- A. Melidonis, V. Dimopoulos, E. Lempidakis et al., “Angiographic study of coronary artery disease in diabetic patients in comparison with nondiabetic patients,” Angiology, vol. 50, no. 12, pp. 997–1006, 1999.
- A. Al-Motarreb, M. Al-Kebsi, B. Al-Adhi, and K. J. Broadley, “Khat chewing and acute myocardial infarction,” Heart, vol. 87, no. 3, pp. 279–280, 2002.
- A. L. Al-Motarreb and K. J. Broadley, “Coronary and aortic vasoconstriction by cathinone, the active constituent of khat,” Autonomic and Autacoid Pharmacology, vol. 23, no. 5-6, pp. 319–326, 2003.
- K. E. Baker, A. A. Herbert, and K. J. Broadley, “Vasoconstriction of porcine left anterior descending coronary artery by ecstasy and cathinone is not an indirect sympathomimetic effect,” Vascular Pharmacology, vol. 47, no. 1, pp. 10–17, 2007.
- T. T. Bashour, “Acute myocardial infarction resulting from amphetamine abuse: a spasm-thrombus interplay?” American Heart Journal, vol. 128, no. 6, pp. 1237–1239, 1994.
- A. S. Ragland, Y. Ismail, and E. L. Arsura, “Myocardial infarction after amphetamine use,” American Heart Journal, vol. 125, no. 1, pp. 247–249, 1993.
- M. Wijetunga, R. Bhan, L. Joseph, and S. Karch, “Acute coronary syndrome and crystal methamphetamine use: a case series,” Hawaii Medical Journal, vol. 63, no. 1, pp. 8–25, 2004.
- S. D. Turnipseed, J. R. Richards, J. D. Kirk, D. B. Diercks, and E. A. Amsterdam, “Frequency of acute coronary syndrome in patients presenting to the Emergency Department with chest pain after methamphetamine use,” Journal of Emergency Medicine, vol. 24, no. 4, pp. 369–373, 2003.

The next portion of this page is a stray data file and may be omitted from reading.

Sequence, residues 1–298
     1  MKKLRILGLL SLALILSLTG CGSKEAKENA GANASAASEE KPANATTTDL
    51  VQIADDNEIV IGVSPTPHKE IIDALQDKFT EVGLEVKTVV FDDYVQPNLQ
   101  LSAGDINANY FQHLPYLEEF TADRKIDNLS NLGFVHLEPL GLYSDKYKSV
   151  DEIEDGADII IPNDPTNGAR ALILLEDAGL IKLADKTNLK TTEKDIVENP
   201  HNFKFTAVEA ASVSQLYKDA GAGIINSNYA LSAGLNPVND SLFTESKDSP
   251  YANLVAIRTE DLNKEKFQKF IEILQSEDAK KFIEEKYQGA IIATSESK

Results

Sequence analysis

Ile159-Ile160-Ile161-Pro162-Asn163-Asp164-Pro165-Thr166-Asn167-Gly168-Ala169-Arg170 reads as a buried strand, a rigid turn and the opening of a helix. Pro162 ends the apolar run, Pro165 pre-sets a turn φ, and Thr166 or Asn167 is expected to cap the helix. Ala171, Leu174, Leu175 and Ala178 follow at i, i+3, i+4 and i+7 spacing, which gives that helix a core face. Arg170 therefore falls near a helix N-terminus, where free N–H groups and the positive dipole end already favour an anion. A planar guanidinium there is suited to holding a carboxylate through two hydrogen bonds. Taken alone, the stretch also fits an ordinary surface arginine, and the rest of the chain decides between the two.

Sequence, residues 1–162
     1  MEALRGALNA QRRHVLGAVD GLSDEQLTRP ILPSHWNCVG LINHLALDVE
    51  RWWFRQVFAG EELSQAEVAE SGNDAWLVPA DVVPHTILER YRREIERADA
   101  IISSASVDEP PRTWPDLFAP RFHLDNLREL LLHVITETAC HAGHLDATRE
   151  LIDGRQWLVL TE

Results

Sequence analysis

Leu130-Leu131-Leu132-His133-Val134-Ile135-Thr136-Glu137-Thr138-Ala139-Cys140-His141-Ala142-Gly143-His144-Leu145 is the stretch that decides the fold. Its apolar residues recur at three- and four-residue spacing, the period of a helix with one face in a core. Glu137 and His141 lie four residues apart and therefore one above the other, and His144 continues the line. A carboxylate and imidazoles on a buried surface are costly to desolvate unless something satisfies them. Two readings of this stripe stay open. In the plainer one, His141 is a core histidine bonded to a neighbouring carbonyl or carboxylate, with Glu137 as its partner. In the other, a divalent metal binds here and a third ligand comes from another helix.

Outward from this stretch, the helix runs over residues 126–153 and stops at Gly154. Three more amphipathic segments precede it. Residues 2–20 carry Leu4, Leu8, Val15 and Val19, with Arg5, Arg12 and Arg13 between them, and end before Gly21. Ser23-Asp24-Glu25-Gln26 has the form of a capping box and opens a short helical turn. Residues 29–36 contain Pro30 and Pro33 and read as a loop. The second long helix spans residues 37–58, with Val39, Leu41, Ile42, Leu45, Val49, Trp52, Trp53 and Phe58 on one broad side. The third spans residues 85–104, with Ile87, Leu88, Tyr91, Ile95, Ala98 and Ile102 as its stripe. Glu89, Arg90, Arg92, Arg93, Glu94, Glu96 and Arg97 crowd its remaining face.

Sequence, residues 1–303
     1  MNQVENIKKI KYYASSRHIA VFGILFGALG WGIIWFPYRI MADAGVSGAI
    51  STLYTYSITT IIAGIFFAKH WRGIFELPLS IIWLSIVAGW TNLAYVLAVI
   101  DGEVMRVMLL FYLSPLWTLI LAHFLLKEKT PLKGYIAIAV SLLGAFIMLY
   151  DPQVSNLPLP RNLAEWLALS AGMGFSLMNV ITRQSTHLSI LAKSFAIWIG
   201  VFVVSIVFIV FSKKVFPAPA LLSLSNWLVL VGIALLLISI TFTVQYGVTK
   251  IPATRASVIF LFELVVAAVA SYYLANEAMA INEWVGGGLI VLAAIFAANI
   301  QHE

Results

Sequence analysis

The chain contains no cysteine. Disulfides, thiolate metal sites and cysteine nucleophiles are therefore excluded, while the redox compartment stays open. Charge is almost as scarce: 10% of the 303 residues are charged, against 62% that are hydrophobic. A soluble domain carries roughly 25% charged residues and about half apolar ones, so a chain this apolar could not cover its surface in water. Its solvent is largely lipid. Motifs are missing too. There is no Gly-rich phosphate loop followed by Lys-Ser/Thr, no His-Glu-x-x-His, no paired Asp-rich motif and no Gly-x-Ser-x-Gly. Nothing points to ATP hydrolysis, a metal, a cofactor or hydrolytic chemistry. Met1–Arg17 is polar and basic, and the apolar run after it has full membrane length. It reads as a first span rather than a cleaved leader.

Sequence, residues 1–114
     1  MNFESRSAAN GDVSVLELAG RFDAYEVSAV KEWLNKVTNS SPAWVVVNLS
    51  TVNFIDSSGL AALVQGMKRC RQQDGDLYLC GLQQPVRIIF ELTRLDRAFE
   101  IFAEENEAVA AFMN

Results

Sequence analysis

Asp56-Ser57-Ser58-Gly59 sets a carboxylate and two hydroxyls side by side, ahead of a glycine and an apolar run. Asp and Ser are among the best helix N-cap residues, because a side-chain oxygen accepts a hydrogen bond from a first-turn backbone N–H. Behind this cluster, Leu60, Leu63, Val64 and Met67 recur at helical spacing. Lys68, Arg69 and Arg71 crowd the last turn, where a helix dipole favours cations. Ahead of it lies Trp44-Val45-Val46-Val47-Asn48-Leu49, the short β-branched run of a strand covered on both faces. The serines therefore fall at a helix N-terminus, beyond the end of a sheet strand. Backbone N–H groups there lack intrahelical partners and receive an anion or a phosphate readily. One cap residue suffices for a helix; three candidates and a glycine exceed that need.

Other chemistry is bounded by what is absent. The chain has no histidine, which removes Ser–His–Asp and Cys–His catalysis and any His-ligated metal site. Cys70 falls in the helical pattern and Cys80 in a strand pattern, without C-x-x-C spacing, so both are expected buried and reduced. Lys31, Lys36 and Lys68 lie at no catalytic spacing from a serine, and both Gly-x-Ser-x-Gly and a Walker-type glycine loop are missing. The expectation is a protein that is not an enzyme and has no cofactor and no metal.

- R. A. Lange, R. G. Cigarroa, C. W. Yancy Jr. et al., “Cocaine-induced coronary-artery vasoconstriction,” The New England Journal of Medicine, vol. 321, no. 23, pp. 1557–1562, 1989.
- N. A. Hassan, A. A. Gunaid, F. M. El-Khally, M. Y. Al-Noami, and I. M. Murray-Lyon, “Khat chewing and arterial blood pressure. A randomized controlled clinical trial of alpha-1 and selective beta-1 adrenoceptor blockade,” Saudi Medical Journal, vol. 26, no. 4, pp. 537–541, 2005.
- S. W. Toennes, S. Harder, M. Schramm, C. Niess, and G. F. Kauert, “Pharmacokinetics of cathinone, cathine and norephedrine after the chewing of khat leaves,” British Journal of Clinical Pharmacology, vol. 56, no. 1, pp. 125–130, 2003.
- P. Nencini and A. M. Ahmed, “Khat consumption: a pharmacological review,” Drug and Alcohol Dependence, vol. 23, no. 1, pp. 19–29, 1989.
- J. H. Jones and W. B. Weir, “Cocaine-induced chest pain,” Clinics in Laboratory Medicine, vol. 26, no. 1, pp. 127–146, 2006.
- C. Gebhard, A. Breitenstein, A. Akhmedov et al., “Amphetamines induce tissue factor and impair tissue factor pathway inhibitor: role of dopamine receptor type 4,” European Heart Journal, vol. 31, no. 14, pp. 1780–1791, 2010.
- J. Steffel, S. Iseli, C. Arnet, T. F. Lüscher, and F. C. Tanner, “Cocaine unbalances endothelial tissue factor and tissue factor pathway inhibitor expression,” Journal of Molecular and Cellular Cardiology, vol. 40, no. 5, pp. 746–749, 2006.
Copyright © 2013 Ahmed Al-Motarreb et al. This is an open access article distributed under the Creative Commons Attribution License, which permits unrestricted use, distribution, and reproduction in any medium, provided the original work is properly cited.